Tokyo Gas takes wraps off its first hydrogen filling station


Staff Writer

Tokyo Gas Co. on Thursday unveiled its first commercial hydrogen station as automakers prepare to usher in a new age in driving technology.

The opening of the hydrogen station in Nerima Ward, Tokyo, coincides with the release earlier this week of Toyota Motor Corp.’s first fuel cell vehicle, the Mirai, which emits no carbon dioxide.

The government is also promoting hydrogen-based energy to improve Japan’s environmental score.

“We think FCVs will become a familiar sight moving forward,” said Takefumi Ishikura, manager of the technology and strategy division in the hydrogen station group at Tokyo Gas, which also sells the Ene-Farm home fuel cell cogeneration system.

“We believe that it is important to promote both FCVs and infrastructure to spread the use of hydrogen energy. I’m sure that today’s ceremony for the Nerima station is a first step,” he said.

Tokyo Gas said it hasn’t decided when the station will open because that largely depends on when Toyota starts delivering the Mirai to customers. In fact, prices for the gas haven’t even been set yet, Ishikura said.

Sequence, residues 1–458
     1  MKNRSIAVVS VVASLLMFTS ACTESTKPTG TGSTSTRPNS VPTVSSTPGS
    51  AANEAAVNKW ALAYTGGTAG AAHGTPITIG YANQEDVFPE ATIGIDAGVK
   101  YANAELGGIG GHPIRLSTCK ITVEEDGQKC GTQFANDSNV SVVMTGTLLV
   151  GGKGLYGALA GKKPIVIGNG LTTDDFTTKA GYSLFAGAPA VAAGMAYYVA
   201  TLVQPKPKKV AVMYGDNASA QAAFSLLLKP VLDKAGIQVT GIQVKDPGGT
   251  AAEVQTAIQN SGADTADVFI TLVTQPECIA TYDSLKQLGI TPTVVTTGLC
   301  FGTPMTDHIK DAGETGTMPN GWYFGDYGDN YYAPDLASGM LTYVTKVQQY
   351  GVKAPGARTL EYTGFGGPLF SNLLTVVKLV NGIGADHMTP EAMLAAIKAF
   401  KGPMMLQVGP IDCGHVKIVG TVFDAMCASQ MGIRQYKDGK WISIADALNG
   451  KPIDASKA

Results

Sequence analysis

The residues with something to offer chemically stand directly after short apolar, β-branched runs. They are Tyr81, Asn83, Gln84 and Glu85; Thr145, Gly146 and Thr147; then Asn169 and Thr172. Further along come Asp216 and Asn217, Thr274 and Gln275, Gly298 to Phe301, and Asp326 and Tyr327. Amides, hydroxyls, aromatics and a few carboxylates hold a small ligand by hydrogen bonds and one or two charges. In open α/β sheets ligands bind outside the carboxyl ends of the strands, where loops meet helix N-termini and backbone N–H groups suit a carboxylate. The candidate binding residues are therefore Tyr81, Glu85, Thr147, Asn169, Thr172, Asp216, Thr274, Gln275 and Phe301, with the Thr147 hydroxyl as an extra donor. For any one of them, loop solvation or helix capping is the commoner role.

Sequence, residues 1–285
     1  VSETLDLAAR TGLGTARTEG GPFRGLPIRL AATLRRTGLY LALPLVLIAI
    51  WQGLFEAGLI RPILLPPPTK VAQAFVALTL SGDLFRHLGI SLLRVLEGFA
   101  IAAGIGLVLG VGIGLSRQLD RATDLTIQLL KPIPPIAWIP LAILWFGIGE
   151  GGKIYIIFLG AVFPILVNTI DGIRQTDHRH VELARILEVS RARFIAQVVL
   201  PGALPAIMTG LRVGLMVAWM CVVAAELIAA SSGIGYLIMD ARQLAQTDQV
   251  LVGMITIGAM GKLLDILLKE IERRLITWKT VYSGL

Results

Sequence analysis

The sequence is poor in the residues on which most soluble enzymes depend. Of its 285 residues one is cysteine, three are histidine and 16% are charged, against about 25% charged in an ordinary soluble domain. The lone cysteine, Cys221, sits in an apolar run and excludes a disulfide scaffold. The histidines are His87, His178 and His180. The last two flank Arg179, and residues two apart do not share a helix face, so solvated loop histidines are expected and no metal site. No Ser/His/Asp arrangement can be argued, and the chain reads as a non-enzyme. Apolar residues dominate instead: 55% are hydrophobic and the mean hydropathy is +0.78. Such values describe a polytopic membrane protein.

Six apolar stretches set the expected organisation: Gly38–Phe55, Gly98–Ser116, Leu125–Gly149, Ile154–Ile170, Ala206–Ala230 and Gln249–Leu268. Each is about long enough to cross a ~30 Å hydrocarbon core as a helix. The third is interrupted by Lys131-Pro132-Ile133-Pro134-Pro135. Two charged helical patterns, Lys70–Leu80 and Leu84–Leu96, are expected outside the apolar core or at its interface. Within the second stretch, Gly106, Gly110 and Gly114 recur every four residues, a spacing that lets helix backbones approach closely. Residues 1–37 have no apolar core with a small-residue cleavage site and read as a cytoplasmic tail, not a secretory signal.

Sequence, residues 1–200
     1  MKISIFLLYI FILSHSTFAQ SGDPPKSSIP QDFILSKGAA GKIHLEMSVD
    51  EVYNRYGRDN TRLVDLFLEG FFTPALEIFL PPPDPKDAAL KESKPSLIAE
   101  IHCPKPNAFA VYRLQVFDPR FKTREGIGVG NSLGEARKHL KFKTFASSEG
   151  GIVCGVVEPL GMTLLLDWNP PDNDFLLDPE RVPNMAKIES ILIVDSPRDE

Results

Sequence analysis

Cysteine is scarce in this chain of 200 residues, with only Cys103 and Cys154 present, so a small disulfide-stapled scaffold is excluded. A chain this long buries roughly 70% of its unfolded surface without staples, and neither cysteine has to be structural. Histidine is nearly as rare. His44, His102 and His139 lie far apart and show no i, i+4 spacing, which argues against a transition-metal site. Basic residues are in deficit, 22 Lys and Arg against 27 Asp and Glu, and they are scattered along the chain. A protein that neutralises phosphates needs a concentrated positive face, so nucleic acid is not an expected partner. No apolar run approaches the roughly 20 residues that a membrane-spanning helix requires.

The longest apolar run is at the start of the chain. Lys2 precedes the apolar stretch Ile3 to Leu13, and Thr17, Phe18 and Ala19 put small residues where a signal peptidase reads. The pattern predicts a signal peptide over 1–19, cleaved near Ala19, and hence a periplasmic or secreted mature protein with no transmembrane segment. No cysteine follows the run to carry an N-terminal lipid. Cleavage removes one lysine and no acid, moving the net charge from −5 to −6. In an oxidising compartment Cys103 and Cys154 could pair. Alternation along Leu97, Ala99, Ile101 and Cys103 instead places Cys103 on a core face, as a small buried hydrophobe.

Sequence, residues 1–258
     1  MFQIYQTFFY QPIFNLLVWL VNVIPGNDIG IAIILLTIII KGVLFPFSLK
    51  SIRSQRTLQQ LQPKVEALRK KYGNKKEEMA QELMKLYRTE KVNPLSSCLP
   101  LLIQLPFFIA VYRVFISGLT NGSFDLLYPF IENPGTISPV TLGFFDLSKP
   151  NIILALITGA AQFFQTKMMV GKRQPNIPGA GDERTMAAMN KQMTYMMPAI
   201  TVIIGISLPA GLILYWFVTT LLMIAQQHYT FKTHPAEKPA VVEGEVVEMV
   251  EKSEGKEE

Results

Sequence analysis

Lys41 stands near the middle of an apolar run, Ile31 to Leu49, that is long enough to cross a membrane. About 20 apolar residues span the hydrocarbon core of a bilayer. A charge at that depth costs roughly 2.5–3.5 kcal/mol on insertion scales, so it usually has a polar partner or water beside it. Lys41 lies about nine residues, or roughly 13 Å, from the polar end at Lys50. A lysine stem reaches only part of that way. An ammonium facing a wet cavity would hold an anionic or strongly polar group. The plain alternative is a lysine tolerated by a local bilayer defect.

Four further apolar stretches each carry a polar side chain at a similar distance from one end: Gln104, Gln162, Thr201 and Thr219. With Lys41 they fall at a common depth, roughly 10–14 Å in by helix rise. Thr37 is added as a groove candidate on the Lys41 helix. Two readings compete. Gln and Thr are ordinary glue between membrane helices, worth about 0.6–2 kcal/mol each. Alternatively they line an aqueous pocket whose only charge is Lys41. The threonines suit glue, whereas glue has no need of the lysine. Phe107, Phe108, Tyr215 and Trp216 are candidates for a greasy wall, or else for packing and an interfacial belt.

The hydrogen station was built on the site of an existing station that sells compressed natural gas, allowing them to share equipment and space.

The station can store 300 cu. meters of hydrogen at zero degrees and 1 atmosphere of pressure, and fill up six FCVs per hour.

Like regular gasoline stations, the new hydrogen station is called an “off-site station” as it does not make its own hydrogen, but another station planned in Saitama will be “on-site” and deliver hydrogen to the Nerima station. Tokyo Gas said it will buy its hydrogen from a supplier for now.

  • Internet Terracotta Tiger

    Exciting stuff, thanks Japan Times! Somebody please forward this article to Mr. Pesek, who recently knocked Japan for “not being innovative enough” (?!???). Plenty of ongoing innovations in Japan all over the science/technical map don’t make the English-language news – things like radical conservation improvements (80% for some metals) in natural gas-powered plants may not make good clickbait but they’re still important. For an innovation geek like me, that’s what I call “Cool Japan”!

  • http://www.facebook.com/sharif.sircar sharif sircar

    Seems like Tesla could pop up in Japan